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Nucleon Structure Functions: An Introduction of the BoNuS Program at Hall B Jefferson Lab and the G2P Project at Hall A Jixie Zhang (Jlab) March. 13, 2013.

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Presentation on theme: "Nucleon Structure Functions: An Introduction of the BoNuS Program at Hall B Jefferson Lab and the G2P Project at Hall A Jixie Zhang (Jlab) March. 13, 2013."— Presentation transcript:

1 Nucleon Structure Functions: An Introduction of the BoNuS Program at Hall B Jefferson Lab and the G2P Project at Hall A Jixie Zhang (Jlab) March. 13, 2013

2 Outline Thesis Work –BoNuS Project –Data Analysis: Exclusive: Extract D(e,e` p)p cross section Inclusive: F 2 n structure function –Results Current Work –G2P Project –Status Future Work 2

3 3 Nucleon Structure Functions Structure Function Definition (in the quark-parton model) Dominated by the valence quarks contribution at large x

4 4 Very Strong Model Dependence SU(6) symmetry u v (x) = 2d v (x) S = 0 dominant, one-gluon exchange Close, Phys Lett B43 (1973) Carlitz, Phys Lett B58 (1975) Close and Thomas Phys Lett B212 (1988) Isgur, Phys Rev D59 (1999), Phys Rev Lett 41 (1978) S z = 0 dominant, helicity conservation Farrar and Jackson, Phys Rev Lett 35 (1975) Brodsky, Burkardt and Schmidt, Nuc Phys B441 (1995) SLAC E139 (J. Gomez et al.) and E140 (L. W. Whitlow et al.)

5 Cross Section in the Resonance Region Goal: to understand neutron as well as proton, understand u and d quark structure function... Data on the proton: clear resonant structure, separation from the non-resonant background is possible Data on the deuteron: kinematically smeared due to binding, off-shell, final state interactions (FSI), etc. 5

6 Exclusive electro-production D(e,e ` p)p Detect e, and at least ONE of the two final state protons in D(e,e ` p)p to ensure exclusivity and select events where the spectator proton has low, backwards momentum. Conservation of energy and momentum allows to determine the initial state of the neutron. Low momentum spectator proton Novel approach by the BoNuS collaboration: detect the spectator proton directly. e e npnp p psps d 6

7 Off-Shell and FSI for D(e,ep s )X Final State Interactions Off-shell Effects VIP s Select low P s ( 100 o ), angle between Ps and virtual photon, to minimize FIS. Off-shell effects are negligible for small P s. Choose P s <120 MeV/c as Very Important Spectator Protons (VIP) C. Atti et al, Eur. Phys. J. A 19, (2004). W. Melnitchouk et al, Phys. Lett. B377, 11 (1996). 7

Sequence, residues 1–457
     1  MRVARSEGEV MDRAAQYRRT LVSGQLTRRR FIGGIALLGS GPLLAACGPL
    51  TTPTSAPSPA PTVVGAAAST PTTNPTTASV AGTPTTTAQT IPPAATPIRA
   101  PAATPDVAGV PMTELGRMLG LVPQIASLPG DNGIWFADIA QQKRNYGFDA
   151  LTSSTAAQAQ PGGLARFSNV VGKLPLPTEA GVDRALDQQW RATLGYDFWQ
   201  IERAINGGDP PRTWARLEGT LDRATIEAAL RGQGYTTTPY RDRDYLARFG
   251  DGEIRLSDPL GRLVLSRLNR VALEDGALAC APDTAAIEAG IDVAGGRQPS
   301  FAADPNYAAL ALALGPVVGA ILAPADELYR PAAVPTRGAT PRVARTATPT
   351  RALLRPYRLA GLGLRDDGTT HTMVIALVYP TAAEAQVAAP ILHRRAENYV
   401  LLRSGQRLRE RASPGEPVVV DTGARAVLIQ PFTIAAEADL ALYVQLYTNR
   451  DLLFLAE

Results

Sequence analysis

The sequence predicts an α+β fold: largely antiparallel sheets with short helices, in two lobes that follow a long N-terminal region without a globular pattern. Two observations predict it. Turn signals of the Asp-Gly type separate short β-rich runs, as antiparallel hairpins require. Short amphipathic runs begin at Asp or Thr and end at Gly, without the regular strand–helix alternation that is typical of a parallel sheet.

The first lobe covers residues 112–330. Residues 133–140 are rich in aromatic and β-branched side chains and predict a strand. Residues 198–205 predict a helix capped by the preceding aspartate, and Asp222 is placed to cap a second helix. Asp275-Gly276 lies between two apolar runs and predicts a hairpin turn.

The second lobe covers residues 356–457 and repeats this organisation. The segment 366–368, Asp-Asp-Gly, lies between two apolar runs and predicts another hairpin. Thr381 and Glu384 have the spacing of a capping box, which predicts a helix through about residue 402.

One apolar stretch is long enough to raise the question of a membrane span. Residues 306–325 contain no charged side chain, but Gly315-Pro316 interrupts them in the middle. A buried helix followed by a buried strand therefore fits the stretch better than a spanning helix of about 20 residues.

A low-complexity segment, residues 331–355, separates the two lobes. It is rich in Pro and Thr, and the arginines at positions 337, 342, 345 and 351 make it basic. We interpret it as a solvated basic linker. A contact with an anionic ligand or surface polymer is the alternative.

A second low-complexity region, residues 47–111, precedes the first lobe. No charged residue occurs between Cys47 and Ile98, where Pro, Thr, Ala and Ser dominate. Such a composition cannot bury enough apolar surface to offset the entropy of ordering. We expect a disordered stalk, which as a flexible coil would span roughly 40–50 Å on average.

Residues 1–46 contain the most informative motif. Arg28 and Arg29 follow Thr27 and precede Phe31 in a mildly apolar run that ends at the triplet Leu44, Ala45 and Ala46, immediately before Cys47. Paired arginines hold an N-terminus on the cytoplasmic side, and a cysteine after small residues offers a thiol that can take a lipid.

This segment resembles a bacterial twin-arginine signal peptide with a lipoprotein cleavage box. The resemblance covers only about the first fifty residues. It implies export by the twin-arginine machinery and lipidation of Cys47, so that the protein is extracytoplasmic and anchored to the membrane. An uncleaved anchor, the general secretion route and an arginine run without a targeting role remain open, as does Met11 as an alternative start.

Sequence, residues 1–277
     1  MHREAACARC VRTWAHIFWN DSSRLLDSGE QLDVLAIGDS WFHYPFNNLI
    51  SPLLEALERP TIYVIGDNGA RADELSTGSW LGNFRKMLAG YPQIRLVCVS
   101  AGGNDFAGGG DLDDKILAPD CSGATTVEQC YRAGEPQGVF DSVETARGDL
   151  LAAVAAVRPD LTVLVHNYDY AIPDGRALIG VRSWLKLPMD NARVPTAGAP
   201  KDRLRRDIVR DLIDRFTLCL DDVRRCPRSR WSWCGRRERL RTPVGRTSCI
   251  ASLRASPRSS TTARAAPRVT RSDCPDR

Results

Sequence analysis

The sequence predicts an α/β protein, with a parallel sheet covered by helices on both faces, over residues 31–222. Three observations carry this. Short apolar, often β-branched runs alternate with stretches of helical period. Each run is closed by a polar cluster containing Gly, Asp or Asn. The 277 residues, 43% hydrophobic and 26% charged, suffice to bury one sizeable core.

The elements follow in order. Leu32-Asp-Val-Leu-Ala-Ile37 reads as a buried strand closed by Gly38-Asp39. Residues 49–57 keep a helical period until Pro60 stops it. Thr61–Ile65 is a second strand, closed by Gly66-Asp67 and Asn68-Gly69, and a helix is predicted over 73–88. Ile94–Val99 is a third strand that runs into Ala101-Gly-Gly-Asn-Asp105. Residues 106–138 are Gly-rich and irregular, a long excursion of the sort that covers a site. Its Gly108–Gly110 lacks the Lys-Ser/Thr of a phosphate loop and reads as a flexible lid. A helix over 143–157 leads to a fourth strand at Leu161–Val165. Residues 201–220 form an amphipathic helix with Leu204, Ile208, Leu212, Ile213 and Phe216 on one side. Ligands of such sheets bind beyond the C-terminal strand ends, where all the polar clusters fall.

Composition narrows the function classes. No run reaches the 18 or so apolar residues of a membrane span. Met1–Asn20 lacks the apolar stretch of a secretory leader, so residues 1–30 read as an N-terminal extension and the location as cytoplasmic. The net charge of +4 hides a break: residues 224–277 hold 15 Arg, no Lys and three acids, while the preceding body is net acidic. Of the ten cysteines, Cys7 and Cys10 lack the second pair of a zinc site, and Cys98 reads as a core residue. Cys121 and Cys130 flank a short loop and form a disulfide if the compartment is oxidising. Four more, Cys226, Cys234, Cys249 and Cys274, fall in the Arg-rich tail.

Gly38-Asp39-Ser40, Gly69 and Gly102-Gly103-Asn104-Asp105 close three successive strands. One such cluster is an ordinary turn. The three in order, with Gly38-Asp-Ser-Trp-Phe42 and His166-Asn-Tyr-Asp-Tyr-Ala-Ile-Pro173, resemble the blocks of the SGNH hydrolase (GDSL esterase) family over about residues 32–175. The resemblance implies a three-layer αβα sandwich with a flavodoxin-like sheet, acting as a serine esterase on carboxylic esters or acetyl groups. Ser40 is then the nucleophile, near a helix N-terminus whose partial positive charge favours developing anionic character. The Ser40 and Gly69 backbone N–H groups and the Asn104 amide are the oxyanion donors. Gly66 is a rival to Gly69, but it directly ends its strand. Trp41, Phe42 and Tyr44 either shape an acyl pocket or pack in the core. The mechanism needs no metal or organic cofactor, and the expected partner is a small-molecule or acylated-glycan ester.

8 d p psps n quasi-free (IA) primary background FSI for D(e,e ` p)p d p p n p d p p n p rescattering pp rescattering primary background 8 No theory calculation for * n - p FSI yet. Try to estimate this from FSI of n - p V. Tarasov, A. Kudryavtsev, W. Briscoe, H. Gao, IS, arXiv:

9 FSI Prediction for D(, p)p, by Laget R = ratio of the total to the quasi-free cross section R = polar angle between photon and spectator proton P R = momentum of the spectator proton under p rescattering peak region only Strong momentum and anglular dependence

10 Jefferson Lab Experiment E Barely off-shell Nucleon Structure (BoNuS) Electron beam energies: 2.1, 4.2, 5.3 GeV Spectator protons were detected by the newly built Radial Time Projection Chamber (RTPC) Scattered electrons and other final state particles were detected by CEBAF Large Acceptance Spectrometer (CLAS) Target: 7 atm D 2 gas, 20 cm long Data were taken from Sep. to Dec. in 2005 N.Baillie, S. Tkachenko, J. Zhang, K. Griffioen, S. Kuhn, Gail Dodge, C. Keppel, M.E. Christy, W. Melnitchouk, H. Fenker, S. Bültmann, P. Bosted and......

11 RTPC Sits in the Center of CLAS FC CLAS BoNuS RTPC stopper 11

12 Radial Time Projection Chamber (RTPC) proton Deuteron / Helium Helium/DME at 80/20 ratio Sensitive to protons with momenta of Mev/c 3 layers of GEM 3200 pads (channels) 5 Tesla B field Particles ID by dE/dx 100 µm 3-D tracking: time of drift -> r pad position ->, z dE/dX 7Atm. D2 gas target, 20cm in length Trigger Electron 12

13 RTPC Resolution Trigger electrons measured by CLAS are compared to the same electrons measured in BoNuS during High Gain Calibration runs. H. Fenker, et.al. Nucl.Instrum. Meth. A592: ,

14 Simulation Overview RTPC(Geant4) CLAS(geant3) Reconstruction Analysis What have been done with simulation? Debug/optimize RTPC reconstruction packages Generate energy loss correction tables, radiation length tables Study Detectors acceptance for D(e,e` p CLAS )p and D(e,e` p RTPC )p Study particle detection efficiency Model the background… 14